The group is interested in diseases that develop in the anterior segment of the eye including those that arise on the surface of the cornea because of deficiency in stem cells, environmental insults, from infection or autoimmunity. Our overarching goal is to determine the triggering factors and the mechanisms by which they develop. It is hoped that this information will provide vital clues for devising novel therapeutic strategies.
Our research is conducted using patient-derived and cadaveric donor specimens including tissue, blood, DNA and cells. Transgenic animal and cell culture models complement our human tissue-based investigations. Our investigations use molecular, biochemical and genetic approaches as well as cutting-edge imaging, image analysis and microscopy platforms.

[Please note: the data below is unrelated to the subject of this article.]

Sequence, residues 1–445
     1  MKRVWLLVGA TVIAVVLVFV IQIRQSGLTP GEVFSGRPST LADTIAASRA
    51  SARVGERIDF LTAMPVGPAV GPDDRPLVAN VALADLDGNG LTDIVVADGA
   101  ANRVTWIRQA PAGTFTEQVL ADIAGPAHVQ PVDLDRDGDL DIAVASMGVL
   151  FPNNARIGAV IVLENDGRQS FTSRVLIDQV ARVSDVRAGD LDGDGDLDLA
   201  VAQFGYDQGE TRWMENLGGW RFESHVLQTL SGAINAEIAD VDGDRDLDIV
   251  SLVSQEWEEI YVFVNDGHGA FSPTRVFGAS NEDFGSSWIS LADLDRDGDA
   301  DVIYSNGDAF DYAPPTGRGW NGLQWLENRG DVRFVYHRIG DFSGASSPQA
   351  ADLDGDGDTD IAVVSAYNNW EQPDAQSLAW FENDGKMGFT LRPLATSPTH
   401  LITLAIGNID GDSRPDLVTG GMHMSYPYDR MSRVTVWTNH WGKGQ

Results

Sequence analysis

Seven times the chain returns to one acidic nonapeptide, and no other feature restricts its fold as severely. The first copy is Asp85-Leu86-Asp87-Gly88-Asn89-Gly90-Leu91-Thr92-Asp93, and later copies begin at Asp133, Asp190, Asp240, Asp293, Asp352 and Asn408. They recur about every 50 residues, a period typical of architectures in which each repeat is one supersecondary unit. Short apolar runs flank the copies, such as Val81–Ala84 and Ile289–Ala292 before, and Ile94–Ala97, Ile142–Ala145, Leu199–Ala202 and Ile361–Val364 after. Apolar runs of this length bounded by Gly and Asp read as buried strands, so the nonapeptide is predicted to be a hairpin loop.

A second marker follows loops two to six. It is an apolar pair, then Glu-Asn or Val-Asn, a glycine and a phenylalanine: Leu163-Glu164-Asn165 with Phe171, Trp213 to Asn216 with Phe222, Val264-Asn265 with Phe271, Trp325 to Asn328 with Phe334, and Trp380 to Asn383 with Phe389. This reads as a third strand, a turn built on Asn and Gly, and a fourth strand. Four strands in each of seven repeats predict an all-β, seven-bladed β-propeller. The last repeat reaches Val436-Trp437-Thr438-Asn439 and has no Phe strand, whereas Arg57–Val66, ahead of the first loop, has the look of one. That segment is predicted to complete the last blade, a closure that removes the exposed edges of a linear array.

The group has been continuously funded by peer reviewed category 1 project grants from the NHMRC and Ophthalmic Research Institute of Australia (ORIA) for over two decades. Prof Di Girolamo’s new technique for transplanting stem cells into patients with corneal blindness was featured on the ABC’s New Inventors program in 2010 and the ABC’s Catalyst program in 2011.